Review of Coming of Light by Chen Qiufan, translated by Ken Liu

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    Cover of Clarkesworld, Issue 102, March 2015, where the English translation of Coming of Light was published

    Instead of reading the Chinese original text first, I read the English translation of Coming of Light before turning to the Chinese version. As soon as I finished the English translation by Ken Liu, I knew that it was a great story. The Chinese original text by Chen Qiufan (A.K.A. Stanley Chan) added to my belief. Before writing this article, I read both versions several more times and each time I found something new.

    This is not that the kind of story that you can understand completely when you read it for the first time. An ordinary person with an ordinary job and an ordinary family, made up of a successful marketing strategy that blew up an app to the clouds. However, such popularity created trouble for the company and the protagonist himself. He escaped into a temple. The abbot gave the protagonist some hints and let him go. Finally, the protagonist realized the truth and chose to do nothing but welcome his newly-born baby when the universe came to an end.

    The core of the story is the free will of human beings, a theme frequently discussed in science fiction works. Stanley used a special way to present his story. The protagonist, Zhou Chongbo, is not a hero, but a NPC (non-player characters). He is passive instead of active. He chooses to escape, not to fight. From the very beginning, when he was dragged to the company by a call, Chongbo was regarded as a pushover by his own wife. Chongbo came up with the idea of how to promote the app under the pressure of his boss. He was forced to shoot the video of a master monk consecrating a mobile phone by his boss. He had to escape from normal life to the life of a monk because of the crazy masses. He was told by the abbot, Master Deta, that he was an NPC. When the stability of universe as a program was threatened, the system “invoked the NPCs to carry out its order to eliminate the threat and maintain the consistency of the universe”. Chongbo’s action was such system-controlled NPC actions according to Master Deta, though Chongbo thought he did everything out of his free will, like all the other NPCs. In the end, when another mission was calling, Chongbo chose not to be involved so as to refuse the destiny of an NPC. He chose to do nothing and thus the entire universe came to an end. This is the rebel of an NPC. Ironically but with warmth, he made the decision because of his wife. The particular decision could be regarded as out of his own free will, as well as his love towards his wife. Chongbo was still passive in the end of the story because he did nothing, but he could also be seen as active because he “chose” not to do anything. This is a story using warmth of family to resolve coldness of universe, which is so different in contemporary Chinese science fiction.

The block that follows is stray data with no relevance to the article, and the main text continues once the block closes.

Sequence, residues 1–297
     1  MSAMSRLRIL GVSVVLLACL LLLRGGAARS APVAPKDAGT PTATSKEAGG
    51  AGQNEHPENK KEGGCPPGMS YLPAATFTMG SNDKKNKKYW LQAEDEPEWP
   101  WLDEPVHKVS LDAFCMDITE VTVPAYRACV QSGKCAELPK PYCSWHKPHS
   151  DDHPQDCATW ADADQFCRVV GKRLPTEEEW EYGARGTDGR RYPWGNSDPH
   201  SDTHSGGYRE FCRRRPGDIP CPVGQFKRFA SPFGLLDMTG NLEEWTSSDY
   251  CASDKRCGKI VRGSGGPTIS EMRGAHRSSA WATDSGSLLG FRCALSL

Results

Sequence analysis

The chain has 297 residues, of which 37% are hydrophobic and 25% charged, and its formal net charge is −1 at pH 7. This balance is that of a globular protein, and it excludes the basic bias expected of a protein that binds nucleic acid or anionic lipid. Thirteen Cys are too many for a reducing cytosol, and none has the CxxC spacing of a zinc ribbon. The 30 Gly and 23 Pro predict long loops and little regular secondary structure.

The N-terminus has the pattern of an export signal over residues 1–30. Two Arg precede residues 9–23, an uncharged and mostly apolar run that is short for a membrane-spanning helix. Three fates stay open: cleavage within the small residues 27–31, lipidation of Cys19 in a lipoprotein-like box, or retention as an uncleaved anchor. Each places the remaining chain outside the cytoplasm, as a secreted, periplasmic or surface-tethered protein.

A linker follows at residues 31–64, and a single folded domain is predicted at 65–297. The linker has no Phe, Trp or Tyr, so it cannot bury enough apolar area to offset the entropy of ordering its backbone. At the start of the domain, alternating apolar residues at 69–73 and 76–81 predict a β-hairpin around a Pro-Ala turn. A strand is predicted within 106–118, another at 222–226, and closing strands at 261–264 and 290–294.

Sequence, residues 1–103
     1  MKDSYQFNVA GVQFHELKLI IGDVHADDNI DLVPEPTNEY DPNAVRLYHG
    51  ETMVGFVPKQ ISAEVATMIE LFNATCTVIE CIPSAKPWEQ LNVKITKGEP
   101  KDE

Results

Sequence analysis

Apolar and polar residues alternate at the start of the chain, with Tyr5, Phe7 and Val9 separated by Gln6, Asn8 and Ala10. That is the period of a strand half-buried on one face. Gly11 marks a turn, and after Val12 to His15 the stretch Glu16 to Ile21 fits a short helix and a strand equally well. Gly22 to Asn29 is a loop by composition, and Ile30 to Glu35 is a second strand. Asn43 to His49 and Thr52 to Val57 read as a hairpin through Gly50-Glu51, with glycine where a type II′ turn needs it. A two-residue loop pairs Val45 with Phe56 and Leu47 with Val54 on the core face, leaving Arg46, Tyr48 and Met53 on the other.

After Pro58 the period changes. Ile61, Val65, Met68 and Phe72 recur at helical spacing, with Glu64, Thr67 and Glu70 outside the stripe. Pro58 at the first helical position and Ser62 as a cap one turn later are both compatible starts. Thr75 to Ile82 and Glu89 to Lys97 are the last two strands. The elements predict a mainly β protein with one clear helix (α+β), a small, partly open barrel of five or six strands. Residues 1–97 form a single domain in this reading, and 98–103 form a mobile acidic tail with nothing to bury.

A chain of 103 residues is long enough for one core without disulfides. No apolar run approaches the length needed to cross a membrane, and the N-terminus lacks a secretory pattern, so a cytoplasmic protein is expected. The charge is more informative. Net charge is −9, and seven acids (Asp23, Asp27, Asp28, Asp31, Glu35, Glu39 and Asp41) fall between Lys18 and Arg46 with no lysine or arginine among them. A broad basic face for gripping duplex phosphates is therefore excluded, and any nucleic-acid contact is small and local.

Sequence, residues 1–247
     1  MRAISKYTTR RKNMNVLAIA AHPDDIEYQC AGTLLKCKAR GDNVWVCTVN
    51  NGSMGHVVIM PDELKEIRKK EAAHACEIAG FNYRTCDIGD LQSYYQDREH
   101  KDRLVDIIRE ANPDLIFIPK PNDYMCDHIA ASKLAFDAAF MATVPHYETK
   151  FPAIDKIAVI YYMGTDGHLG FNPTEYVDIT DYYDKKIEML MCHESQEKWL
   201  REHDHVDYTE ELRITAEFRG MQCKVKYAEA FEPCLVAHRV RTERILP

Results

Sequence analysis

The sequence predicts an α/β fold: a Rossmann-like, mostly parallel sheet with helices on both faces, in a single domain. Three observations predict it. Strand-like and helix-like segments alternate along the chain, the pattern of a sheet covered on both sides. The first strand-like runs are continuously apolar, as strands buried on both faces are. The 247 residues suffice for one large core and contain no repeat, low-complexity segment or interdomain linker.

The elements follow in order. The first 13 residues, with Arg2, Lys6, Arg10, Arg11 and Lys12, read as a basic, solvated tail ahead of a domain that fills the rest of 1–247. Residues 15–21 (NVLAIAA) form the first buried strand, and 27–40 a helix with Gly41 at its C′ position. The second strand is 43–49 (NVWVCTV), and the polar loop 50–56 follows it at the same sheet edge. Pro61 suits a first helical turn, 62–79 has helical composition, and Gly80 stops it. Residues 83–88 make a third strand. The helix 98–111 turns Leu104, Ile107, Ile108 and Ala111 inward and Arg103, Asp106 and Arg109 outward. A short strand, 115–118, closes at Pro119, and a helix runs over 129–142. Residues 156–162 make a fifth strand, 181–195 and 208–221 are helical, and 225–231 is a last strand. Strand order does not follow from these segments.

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    Cover of the Chinese Mook Offline, Hackers: A Revisit, where the original Chinese version of Coming of Light was published

    The two keywords of the story are computer science and Buddhism. The last short story with these two keywords I read was Arthur C. Clarke’s The Nine Billion Names of God. Stanley quoted Arthur C. Clarke’s words in Coming of Light: “Any sufficiently advanced technology is indistinguishable at first glance from Buddhist magic.” No, there is no mistake. The author changed magic to Buddhist magic on purpose, because it is the abbot who quoted the sentence in the story. And this abbot was “a promising student at the Computer Science Department of Tsinghua University”, China’s best university. This character might be inspired by the job ad sweeping the internet: “XX Temple is recruiting monks, bachelor’s degree needed, master’s preferred, English proficiency certificate needed.” The job ad was proven to be fake, but we can actually see monks take courses in universities in China these days. Who could be sure that an abbot with a degree from famous universities only appears in a story?